At first there were just a few small copters and we had some patients to move and it was slow. Moving through the line people were calm with a few exceptions but overall they managed their plight well. Then a situation developed. A frantic Medical Director of Critical Care showed up by boat from Charity. Major problem. Charity was in a meltdown. He had 21 critical care patients many being hand ventilated for two days and he couldn't get any help from the state. You may have heard this story reported by CNN. Their version and ours differs but raise your hand if you think the media gets it right all the time. Can you help me he asked? This was a tough question but it had only one answer. We would give them access to the small aircraft, which wasn't going to help us move our staff anyway.
So that process began much to the chagrin of our non-professional staff and family. They just didn't understand it. Our nurses and doctors did but it increased the crowd's intensity. Midday and it was moving slow.
It didn't look good. Then from 3 to 5 things happened.

A Chinook helicopter is big. Two rotors and it carries about 50-60 people. It moves with a slow deliberate confidence that is hard to describe. But one showed up. We had questioned about could it land so we asked "the man, John" and he said yes but nothing else could be on the pad when it did due to the turbulence. I want to tell you as it approached cheers broke out from below and people thought they had a chance. So for a few hours we made progress and then it stopped. No more big birds, big problem.

What happened? Don't know. I called my daughter Megan where Donna was staying and she seemed elated. "You're back". "What?" I asked. She tells me Gov. Blanco had just announced that Tulane had totally been evacuated.
According to my account she was about 400 people short in her analysis. But we now had a new problem. They think we're not here. Better let someone know. I called the La. Nat'l Guard. Guess who answered, Brad Smith, the patient's father I spoke of earlier. He had gotten a ride back with some of the Wildlife boys and was now flying sorties into New Orleans. He quickly got a hold of the Office Of Emergency Preparedness and let them know we still needed help. So maybe Friday we'd get out. People were remarkably calm when we told them they'd be there another day. The just sat down and began to prepare to go to bed.

We left the hospital and remained in the parking deck. One it was cooler, two, there would be less confusion in the morning and three it was safer since there was less territory for our Tulane Police to patrol. I know the media has played up the anarchy, and no doubt there was some concern, but I always thought we were safe.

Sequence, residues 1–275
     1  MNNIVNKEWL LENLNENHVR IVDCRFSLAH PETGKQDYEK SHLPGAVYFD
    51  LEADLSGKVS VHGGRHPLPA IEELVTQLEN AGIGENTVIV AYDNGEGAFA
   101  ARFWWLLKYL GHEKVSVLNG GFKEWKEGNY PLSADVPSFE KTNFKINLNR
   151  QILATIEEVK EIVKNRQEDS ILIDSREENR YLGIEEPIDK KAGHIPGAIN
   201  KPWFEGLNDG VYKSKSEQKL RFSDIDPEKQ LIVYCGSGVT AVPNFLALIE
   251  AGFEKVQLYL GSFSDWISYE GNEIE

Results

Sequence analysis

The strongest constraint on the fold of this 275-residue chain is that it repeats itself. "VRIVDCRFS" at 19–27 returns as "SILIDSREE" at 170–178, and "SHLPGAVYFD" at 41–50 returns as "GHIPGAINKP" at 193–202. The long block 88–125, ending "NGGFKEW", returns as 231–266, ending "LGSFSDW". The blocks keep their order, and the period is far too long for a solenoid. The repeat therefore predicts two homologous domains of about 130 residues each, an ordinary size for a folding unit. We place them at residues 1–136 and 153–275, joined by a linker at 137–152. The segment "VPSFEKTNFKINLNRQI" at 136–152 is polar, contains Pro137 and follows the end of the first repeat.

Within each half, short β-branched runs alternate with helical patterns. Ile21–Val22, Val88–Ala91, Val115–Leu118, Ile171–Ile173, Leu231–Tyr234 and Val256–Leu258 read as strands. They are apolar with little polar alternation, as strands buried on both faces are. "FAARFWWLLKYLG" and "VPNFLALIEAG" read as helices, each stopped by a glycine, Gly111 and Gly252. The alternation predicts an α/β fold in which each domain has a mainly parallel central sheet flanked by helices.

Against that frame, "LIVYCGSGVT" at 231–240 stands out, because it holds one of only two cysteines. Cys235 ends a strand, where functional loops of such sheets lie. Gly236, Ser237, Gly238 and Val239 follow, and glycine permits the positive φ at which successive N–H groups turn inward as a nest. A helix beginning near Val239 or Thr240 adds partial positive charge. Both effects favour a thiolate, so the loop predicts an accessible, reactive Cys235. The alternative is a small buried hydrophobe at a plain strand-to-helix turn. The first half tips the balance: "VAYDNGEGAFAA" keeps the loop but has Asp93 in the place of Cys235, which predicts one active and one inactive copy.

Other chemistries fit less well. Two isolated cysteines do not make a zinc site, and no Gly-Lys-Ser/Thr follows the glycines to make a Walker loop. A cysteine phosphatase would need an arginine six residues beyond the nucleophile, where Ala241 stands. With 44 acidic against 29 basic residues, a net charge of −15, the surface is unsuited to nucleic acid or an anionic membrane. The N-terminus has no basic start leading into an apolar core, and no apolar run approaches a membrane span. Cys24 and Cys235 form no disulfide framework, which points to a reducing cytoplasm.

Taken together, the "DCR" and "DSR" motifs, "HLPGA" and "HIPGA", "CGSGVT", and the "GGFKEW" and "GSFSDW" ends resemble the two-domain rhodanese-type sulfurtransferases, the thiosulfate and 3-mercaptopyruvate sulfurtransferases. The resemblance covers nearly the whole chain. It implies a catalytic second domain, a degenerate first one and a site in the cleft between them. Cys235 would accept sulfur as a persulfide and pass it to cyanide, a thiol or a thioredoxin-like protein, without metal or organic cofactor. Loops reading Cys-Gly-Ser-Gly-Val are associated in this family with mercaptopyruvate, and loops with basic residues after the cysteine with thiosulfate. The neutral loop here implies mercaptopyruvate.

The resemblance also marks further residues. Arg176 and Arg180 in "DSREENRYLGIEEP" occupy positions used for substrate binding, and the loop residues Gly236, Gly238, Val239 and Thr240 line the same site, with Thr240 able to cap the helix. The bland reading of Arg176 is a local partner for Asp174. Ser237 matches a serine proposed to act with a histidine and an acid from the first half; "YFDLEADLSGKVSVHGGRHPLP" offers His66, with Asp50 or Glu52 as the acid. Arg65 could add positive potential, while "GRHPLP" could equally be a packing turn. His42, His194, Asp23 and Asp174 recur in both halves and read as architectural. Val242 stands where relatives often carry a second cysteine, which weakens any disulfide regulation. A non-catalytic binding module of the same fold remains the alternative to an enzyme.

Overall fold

So imagine trying to fall asleep on your concrete driveway without a pad or pillow. It's kind of tough. Then throw in an unexpected helicopter landing at 1 am. The wind is a little dicey. The bird dropped off 50% of the Marines in New Orleans. One guy who need to go to Charity so we had to take him over. Next event for the evening: at 4 am we were treated to a massive explosion at a warehouse on the river several miles away. I happened to be looking directly at it at the time. It must have reached a 1000 ft in the air. Then by the end of the evening we began actually to get cold. But it finally ended.

Friday: The end is pretty anti-climatic. At 8 o'clock unexpected Chinooks began showing up taking 60 people at a time. I wonder if our pilot friend in the Guard had anything to do we it but I haven't asked him yet.
So in a matter of 2 1/2 hrs. everyone was gone but our Police and the last remnants of management. So after attempts to arrange a coordination with Charity to use the helipad, we left for home sweet home.

Obviously, this is only phase one of a complicated recovery for New Orleans. Each of you no doubt is praying for this recovery. So many people have lost so much and it reaches far beyond New Orleans.

I talked to the Chairman of the Board of HCA yesterday upon returning and told him it was the worse and most difficult challenge I have ever been personally involved with but at the same time I don't think I've ever felt as great a sense of accomplishment from anything I've been
involved with.
Our staff performed like clockwork and it was a beautiful thing to observe.
Our success in this week is simply measured by the fact that we didn't lose a patient during this trying time.


P.S. This event is just below a nuclear catastrophe in its degree of magnitude, and it's clear we're not ready and if we don't do better the next time a really hard rain's a-gonna fall.